Jul 26, 2014

Whose Ideas Was This?

Sean Fox looks at the worst ever premises for a TV show

Whose Ideas Was This?

How often do you turn the TV on and see a show, or a commercial for a new show, and think to yourself, “Who comes up with these ideas?” Granted, somewhat “out there” ideas like Lost and Glee became international sensations, but for every one of those smash hits there are many more Joey-like failures.

Sometimes TV shows that started off as horrible ideas actually end up becoming quite good, but it’s far more common for them to crash and burn. The following list is populated by some well-known and some more obscure shows that were, for various reasons, horrible ideas.

Cavemen – Take a group of ugly, obnoxious characters from a series of car insurance commercials, give them their own TV series, and what do you get? A really bad TV show. Not only did someone come up with this idea, pitched it with (presumably) a straight face, but some executive thought it was a good idea. The show lasted for one 12-episode season on ABC, but only half of them were ever aired on American TV.

Viva LaughlinGlee has proved that audiences are willing to get behind a TV show full of singing and dancing, and it’s somewhat surprising that a show set in a high school in rural Ohio was more successful than one set in Sin City. However, most musical television shows are abject failures, and this CBS gem is no different. Spearheaded by Hugh Jackman, who starred in the first episode, the series was canned after its second episode.

Curb Your Enthusiasm – Follow around an old guy and vicariously experience the minutiae of his (fictional) daily life. Doesn’t exactly sound like compelling television. However, Larry David makes it work. David created Seinfeld, famous for being a show about nothing, and Curb Your Enthusiasm seemed to follow in this mold. David’s social ineptitude can reach points where it’s physically painful to watch, which makes the show all the more entertaining.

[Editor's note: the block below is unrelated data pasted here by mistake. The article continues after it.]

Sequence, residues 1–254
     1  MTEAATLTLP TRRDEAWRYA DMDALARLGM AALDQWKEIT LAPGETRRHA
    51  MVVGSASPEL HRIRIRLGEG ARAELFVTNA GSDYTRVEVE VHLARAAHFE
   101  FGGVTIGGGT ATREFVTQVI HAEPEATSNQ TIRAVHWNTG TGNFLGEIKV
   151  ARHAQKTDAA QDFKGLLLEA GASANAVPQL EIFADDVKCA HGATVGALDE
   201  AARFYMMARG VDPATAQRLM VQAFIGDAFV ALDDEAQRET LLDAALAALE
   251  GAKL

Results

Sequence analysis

Poochinski – Seriously. Who comes up with these ideas? Give me that job because I can do a whole heck of a lot better. A police officer is killed in the line of duty and gets a second chance at life… as a dog. Rather than spend his time humping the legs of strangers, however, this special pup helps solve crime. I think there may be a contest between networks to see who can get the most brain-dead viewers to watch a criminally idiotic show.

Cop Rock – Is there anything less intimidating than a police officer spontaneously breaking out into song while trying to arrest a criminal? I know I would be tempted to rob every bank in the area if that’s what the local police force was like. The show aired 11 episodes on ABC in 1990, and luckily it seems to have remained mostly in the past.

My Mother the Car – Knight Rider is one thing. At least you can make the argument that Kit is an example of highly advanced artificial intelligence. This NBC “classic,” which aired one season in 1965, operated on the premise that a dead woman communicated to her son through the radio of an antique car. How does this make any sense? And more importantly, who would want to watch this?

Television has been the preferred media of entertainment for American families for decades, and so it’s no surprise that the struggle for network supremacy has produced some awful stinkers. However, it boggles the mind how most of these shows, and others like it, get made.

Were the scripts for new pilots so bad during these times that they had to resort to creating TV that is more effective as a parody of the genre than as legitimate entertainment? I don’t think we’ll ever know.

That is, unless someone decides to make a show about a network that makes TV shows.

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